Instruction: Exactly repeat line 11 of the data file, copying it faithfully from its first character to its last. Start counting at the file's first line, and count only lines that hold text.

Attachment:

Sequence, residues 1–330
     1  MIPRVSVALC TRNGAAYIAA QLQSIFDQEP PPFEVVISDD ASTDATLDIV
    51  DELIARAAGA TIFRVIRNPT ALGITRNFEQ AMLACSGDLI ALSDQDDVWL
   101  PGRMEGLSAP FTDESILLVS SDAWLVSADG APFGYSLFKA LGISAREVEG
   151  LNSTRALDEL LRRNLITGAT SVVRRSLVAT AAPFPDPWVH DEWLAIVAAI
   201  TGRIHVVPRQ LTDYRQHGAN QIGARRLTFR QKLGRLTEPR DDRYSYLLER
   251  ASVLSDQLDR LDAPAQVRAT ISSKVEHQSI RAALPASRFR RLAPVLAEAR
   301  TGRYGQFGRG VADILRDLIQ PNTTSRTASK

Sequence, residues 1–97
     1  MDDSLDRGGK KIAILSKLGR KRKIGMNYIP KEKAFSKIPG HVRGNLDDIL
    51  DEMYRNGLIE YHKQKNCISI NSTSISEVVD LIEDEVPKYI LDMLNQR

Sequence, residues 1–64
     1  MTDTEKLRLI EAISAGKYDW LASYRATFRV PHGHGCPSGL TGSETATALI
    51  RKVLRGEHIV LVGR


    51  DEMYRNGLIE YHKQKNCISI NSTSISEVVD LIEDEVPKYI LDMLNQR